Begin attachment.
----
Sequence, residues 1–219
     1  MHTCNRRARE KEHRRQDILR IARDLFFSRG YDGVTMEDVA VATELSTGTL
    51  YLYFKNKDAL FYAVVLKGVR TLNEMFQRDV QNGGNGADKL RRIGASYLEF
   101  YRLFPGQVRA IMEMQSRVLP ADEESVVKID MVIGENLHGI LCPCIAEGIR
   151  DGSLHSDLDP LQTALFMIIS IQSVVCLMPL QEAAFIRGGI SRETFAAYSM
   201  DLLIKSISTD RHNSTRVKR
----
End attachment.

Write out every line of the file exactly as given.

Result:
Sequence, residues 1–219
     1  MHTCNRRARE KEHRRQDILR IARDLFFSRG YDGVTMEDVA VATELSTGTL
    51  YLYFKNKDAL FYAVVLKGVR TLNEMFQRDV QNGGNGADKL RRIGASYLEF
   101  YRLFPGQVRA IMEMQSRVLP ADEESVVKID MVIGENLHGI LCPCIAEGIR
   151  DGSLHSDLDP LQTALFMIIS IQSVVCLMPL QEAAFIRGGI SRETFAAYSM
   201  DLLIKSISTD RHNSTRVKR